Petersburgh And Berlin Families Visit Their Roots
by David Flint
Two hundred and forty years ago a church on the coast of Rhode Island, concerned about members who had migrated west, sent their pastor, John Burdick, along with Deacon Elisha Stillman, on a mission – to visit the departed members, first in Farmington, Connecticut, and from there “to Little Hoosick and places adjacent where our brethren and Sisters chiefly reside… and inform them that if they are United and established in the Faith of the Gospel, the Church hereby informs them that they have the Liberty to choose them an Elder and the Church is free and willing to lend them all necessary assistance in their power for their furtherance and Establishment in the Faith of the Gospel.”
Last Saturday descendents of members of this new church, now known as the Seventh Day Baptist Church of Berlin, along with other historically inclined friends and neighbors, paid a visit back to the place from which many of their forbears sprang.
Aptly led by Charlie Hakes of the Taconic Valley Historical Society, the group, some 29 strong, first visited the Old Hopkinton Cemetery, the original site of the Seventh Day Baptist Church in that area,
where they were met by Gayle Wait of the Hopkinton Historical Society. Wait spoke with the group gathered round the Ministers’ Monument, relating some of the history of the area. She informed them that the church that was built on this spot in 1835 was moved 17 years late on rollers three miles down the road to Ashaway, RI, where it stands today. The Ministers’ Monument memorializes the pastors who served the church since 1708, and their remains also lie buried within the enclosing circle. Names of the pastors on the Monument include Clark, Maxson, Hiscox, Burdick, Coon, Stillman and Harris. The group then spent some time browsing among the older gravestones in the cemetery. Some of the names observed include Green, Stillman, Burdick, Crandall, Lamphear, Tanner, Babcock, Vars, Wells, Langworthy, Maxson, Potter, Eldredge, Hoxie, Clark and Mumford, names that would be quite familiar today to residents of Berlin, Petersburgh, Stephentown and Grafton.
According to a history of the Seventh Day Baptists published in 1910, the Seventh Day Baptist Church of Berlin, established in 1780, was the third one organized out of Hopkinton. Its name changed as the name of the town it was in changed, being first called Little Hoosick, then Stephentown, then Petersburgh and finally Berlin. Sabbath Keepers in this area are first mentioned in the records of the Hopkinton Church in 1770. They had been members of the Hopkinton Church but had migrated out some time previously.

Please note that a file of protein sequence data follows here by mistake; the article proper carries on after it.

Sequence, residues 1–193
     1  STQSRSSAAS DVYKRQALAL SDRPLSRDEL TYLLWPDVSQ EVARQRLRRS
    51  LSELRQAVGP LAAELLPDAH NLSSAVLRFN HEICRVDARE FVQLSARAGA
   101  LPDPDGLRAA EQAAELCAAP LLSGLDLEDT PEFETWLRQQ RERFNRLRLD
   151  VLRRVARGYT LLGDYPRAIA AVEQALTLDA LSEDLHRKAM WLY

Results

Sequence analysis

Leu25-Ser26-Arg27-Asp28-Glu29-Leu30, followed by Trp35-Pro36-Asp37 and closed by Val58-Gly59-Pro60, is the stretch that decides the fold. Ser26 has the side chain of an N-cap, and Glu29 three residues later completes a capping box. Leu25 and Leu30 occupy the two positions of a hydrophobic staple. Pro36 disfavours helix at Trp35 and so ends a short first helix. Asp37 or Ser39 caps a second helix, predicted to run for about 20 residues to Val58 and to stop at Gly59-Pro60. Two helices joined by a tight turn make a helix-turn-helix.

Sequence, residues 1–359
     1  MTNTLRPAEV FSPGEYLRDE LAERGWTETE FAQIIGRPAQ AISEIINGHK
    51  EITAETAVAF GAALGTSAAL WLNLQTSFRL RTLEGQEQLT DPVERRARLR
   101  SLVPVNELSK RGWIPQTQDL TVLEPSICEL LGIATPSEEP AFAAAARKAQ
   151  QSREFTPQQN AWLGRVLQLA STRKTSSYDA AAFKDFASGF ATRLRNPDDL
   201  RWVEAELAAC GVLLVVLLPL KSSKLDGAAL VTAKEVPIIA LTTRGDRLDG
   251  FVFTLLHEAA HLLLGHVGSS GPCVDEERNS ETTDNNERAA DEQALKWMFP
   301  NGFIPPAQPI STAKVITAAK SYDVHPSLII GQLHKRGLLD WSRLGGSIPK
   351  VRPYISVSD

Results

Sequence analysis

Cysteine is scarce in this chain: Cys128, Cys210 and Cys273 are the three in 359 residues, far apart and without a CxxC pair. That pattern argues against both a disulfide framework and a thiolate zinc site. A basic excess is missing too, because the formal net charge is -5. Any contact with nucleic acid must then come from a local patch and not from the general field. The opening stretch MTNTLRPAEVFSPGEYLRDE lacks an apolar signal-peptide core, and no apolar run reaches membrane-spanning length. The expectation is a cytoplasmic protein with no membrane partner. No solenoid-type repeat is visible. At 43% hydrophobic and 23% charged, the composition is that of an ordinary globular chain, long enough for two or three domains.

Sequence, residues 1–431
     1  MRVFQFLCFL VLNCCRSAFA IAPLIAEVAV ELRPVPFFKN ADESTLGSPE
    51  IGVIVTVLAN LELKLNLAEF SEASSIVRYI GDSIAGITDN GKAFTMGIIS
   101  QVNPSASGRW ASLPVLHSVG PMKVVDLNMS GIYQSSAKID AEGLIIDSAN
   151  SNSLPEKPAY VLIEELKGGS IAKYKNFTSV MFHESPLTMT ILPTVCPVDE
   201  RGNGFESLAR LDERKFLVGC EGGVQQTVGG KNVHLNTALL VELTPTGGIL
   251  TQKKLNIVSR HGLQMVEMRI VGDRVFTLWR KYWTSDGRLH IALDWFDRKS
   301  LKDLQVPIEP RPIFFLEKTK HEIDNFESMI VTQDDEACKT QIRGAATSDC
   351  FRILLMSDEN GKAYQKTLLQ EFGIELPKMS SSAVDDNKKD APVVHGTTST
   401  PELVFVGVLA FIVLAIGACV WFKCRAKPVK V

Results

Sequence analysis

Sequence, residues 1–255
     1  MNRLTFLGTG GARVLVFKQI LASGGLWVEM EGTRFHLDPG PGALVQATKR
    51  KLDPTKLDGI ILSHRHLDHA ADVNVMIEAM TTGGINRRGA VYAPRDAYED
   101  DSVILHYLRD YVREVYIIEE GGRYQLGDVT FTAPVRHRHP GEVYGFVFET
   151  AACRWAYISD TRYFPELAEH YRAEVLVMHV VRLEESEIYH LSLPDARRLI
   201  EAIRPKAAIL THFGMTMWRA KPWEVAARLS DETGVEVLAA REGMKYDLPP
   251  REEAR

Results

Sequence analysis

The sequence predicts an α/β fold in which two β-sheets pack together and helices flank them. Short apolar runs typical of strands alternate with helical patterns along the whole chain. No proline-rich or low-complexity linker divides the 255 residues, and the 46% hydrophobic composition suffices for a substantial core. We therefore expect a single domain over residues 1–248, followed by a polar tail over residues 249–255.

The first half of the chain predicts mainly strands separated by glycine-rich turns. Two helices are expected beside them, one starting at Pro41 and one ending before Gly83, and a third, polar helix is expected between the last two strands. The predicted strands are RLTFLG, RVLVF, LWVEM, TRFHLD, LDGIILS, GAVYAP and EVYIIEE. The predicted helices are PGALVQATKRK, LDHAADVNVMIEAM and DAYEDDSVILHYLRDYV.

The first pastor of the Church in Berlin was William Coon who had accompanied Burdick and Stillman on their journey from Hopkinton. According to the Church history from 1910, he had powerful lungs so that, “It is said that some of his sermons were so distinctly heard as to be followed by those a mile distant. Men would stop their teams in the fields, cease their work and listen to his preaching.” Elder Coon served for 20 years. Among the pastors who followed him up until 1863 were his nephew, Asa Coon, William Satterlee, William Maxson, H.H. Baker, James Scott, James Cochran, L.C. Rogers and A.W. Coon.
The Berlin pilgrims went from the cemetery to pay a visit to the First Seventh Day Baptist Church down the road in Ashaway. There they were greeted by one of their own, Pastor David Stall, who until recently was a member of the Berlin Seventh Day Church. It was his returning to take up the pastorate of the Hopkinton “mother church” that focused attention on the roots of some of the early settlers of Berlin. Stall, pleased to see his neighbors and friends again, provided them with some additional tidbits from the history of the Church. Among other things he noted that after the Church had been moved from Hopkinton to Ashaway in 1852, the congregation found they were not happy with the way it was situated. So 30 years later they had it picked up and turned around to face the opposite direction. At this time the vestry and steeple were added.
A nearby historical marker informs us that, “The members of this church suffered imprisonment in defense of the colony’s domain, met the onslaughts of hostile natives, were foremost among these who established and developed the colony on the principles of freedom, furnished a Governor, Samuel Ward, who was leader in the struggle for independence and joined in founding Brown University.”
The tour concluded with a visit to the Babcock-Smith House Museum in nearby Westerly. The house was originally owned by Dr. Joshua Babcock, Westerly’s first physician and also Postmaster, close friend of Benjamin Franklin and a signer of the Renunciation Act declaring Rhode Island independence from the King on May 4, 1776. Later the house and farm were purchased by Orlando Smith who began a granite quarrying and granite monument business there that eventually became nationally recognized.